The Philadelphia Eagles did a nice job of filling some roster holes in NFL free agency this offseason. The team signed a few clear cut starters at positions of need (Rodney McLeod, Brandon Brooks) while also creating depth and competition elsewhere (Rueben Randle, Chris Givens, Stefen Wisniewski). The Birds obviously aren't done working on their roster just yet. The 2016 NFL Draft will provide the Eagles with another opportunity to improve their team. The Birds own nine draft picks in total, with four of those selections set to take place in the top 100.
Ideally, the NFL Draft isn't just about teams picking for immediate need. It's about a long-term vision. Short-term needs factor into the equation, yes, but filling roster holes isn't the primary objective. Teams are looking to add the best talent available to them with regard to scheme, culture, etc. So with that in mind, here's a look at some of the biggest needs remaining on Philadelphia's roster.
There isn't a short-term need at this position. Sam Bradford is the starter for the 2016 season. Chase Daniel is the backup. But there's certainly a long-term need at this position, and it's clear the Eagles think so too. They've worked out every top quarterback prospect from this year's class. They might even trade up to No. 2 to take one.
Getting a franchise quarterback should be every team's top priority until they find one. The Eagles do not have one of those. They have not been legitimate contenders since they had one (Donovan McNabb). They will not be contenders again until they find one. There's a big case to be made, then, that quarterback is the team's biggest need.
The injury-prone Ryan Mathews turns 29 in October. Darren Sproles, who is entering the last year of his contract, turns 33 in June. The Eagles' top two running backs are players who aren't reliable full-time players. The Birds need to spend at least one pick on a running back this year. A committee of Mathews, Sproles, and a rookie could work. Only relying on Mathews and Sproles would be irresponsible.
The Eagles have one of the older offensive lines in the NFL. Future Hall of Fame tackle Jason Peters turned 34 in January. He struggled to stay healthy last year and it's fair to wonder just how much good football he has left. Left guard could feature a competition between Allen Barbre, Andrew Gardner, Malcolm Bunche, and Wisniewski. Jason Kelce is a good center when he's healthy which he clearly wasn't last year. Brooks is starting at right guard. Lane Johnson is an emerging talent at right tackle and will eventually take over for Peters on the left side. When Johnson moves over, the Eagles are going to need a tackle to replace him. The Birds could also use more depth at guard.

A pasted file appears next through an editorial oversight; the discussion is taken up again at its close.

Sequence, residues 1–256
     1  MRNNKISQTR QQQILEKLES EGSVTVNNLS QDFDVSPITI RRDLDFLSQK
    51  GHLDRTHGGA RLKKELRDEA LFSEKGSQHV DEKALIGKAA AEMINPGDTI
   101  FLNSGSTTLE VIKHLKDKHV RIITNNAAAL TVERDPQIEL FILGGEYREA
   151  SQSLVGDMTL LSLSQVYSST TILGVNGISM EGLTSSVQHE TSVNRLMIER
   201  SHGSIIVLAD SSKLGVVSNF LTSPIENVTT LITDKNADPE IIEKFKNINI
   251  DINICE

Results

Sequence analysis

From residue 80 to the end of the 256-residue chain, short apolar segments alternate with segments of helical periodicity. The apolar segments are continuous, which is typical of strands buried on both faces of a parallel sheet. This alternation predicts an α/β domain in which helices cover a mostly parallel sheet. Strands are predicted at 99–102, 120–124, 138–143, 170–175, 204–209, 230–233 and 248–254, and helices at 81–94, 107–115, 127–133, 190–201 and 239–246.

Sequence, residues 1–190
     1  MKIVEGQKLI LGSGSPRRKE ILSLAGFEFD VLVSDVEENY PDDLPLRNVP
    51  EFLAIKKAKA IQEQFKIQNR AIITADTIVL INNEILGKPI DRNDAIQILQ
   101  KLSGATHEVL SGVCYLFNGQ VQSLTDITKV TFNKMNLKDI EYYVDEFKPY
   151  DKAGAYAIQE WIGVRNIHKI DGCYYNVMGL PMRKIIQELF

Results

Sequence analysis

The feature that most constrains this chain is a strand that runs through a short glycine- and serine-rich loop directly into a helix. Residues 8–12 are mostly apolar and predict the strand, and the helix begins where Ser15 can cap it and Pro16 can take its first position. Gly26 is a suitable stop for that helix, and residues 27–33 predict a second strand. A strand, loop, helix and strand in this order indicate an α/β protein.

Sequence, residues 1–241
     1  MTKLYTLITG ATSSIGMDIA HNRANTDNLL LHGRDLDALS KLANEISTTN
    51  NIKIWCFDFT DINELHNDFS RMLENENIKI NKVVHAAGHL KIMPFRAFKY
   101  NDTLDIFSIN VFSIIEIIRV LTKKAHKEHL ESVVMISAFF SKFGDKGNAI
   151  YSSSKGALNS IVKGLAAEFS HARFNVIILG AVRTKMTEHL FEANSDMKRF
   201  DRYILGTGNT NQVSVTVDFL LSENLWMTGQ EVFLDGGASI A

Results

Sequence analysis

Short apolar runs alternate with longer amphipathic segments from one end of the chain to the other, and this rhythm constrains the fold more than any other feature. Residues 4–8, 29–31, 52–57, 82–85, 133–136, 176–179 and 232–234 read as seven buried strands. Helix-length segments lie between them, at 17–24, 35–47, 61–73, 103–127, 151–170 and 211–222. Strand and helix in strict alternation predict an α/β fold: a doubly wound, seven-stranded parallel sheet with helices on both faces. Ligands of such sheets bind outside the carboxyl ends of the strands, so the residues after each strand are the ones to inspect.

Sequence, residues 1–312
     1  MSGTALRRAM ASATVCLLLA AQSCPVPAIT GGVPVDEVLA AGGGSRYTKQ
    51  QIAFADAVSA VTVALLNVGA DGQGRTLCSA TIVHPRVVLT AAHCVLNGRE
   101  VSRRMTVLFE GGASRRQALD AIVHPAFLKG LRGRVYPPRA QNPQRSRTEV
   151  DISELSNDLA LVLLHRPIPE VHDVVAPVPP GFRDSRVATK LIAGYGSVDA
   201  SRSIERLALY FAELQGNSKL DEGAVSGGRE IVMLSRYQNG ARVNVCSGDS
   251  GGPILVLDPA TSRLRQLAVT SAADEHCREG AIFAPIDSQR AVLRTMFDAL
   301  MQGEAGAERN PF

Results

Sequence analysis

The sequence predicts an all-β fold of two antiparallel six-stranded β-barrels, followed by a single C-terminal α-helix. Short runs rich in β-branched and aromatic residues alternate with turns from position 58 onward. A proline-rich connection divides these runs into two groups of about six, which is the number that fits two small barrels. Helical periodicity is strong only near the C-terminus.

Philadelphia has a lot of bodies at cornerback: nine in total. It's unclear who will actually be playing where. One would figure second-year talent Eric Rowe will end up as a starter. Nolan Carroll and Leodis McKelvin could fight for the other starting job, but both of those players might not be around in the long-term. The Eagles don't need depth at this position as much as they need a sure-fire starter.
It's not ideal for the Eagles to still have a need at receiver despite spending significant draft resources on pass catchers in recent years (Jordan Matthews, Nelson Agholor, Josh Huff). The Birds seem to be looking to add a deep threat to their receiver corps, which is something they haven't had since losing DeSean Jackson and Jeremy Maclin.
Malcolm Jenkins and Rodney McLeod combine to form one of the best starting safety duos in the league, but what's behind them? Right now, it looks like a whole lot of nothing. Ed Reynolds and Jerome Couplin are young (both 24) but they are far from proven commodities. Philadelphia seems to be looking for a third safety to add to the mix.
The Eagles are moving from a 3-4 defense to a 4-3 scheme under Jim Schwartz. How will the linebackers adjust? Nigel Bradham seems like a reliable piece since he played well under Schwartz in Buffalo. Jordan Hicks was on pace to be Defensive Rookie of the Year before getting hurt. Mychal Kendricks has some experience in the 4-3 and played well in 2014 before struggling last season. The Eagles don't have an immediate need here but are they set for the long-term?
There's a lot of talent and youth on Philadelphia's defensive line. The Eagles are paying three defensive ends starting money: Brandon Graham, Connor Barwin, and Vinny Curry. Defensive tackle features a dominant star in Fletcher Cox and an underrated starter in Bennie Logan. The team could afford to add depth on the line.
So, which position do you want to see the Eagles attack?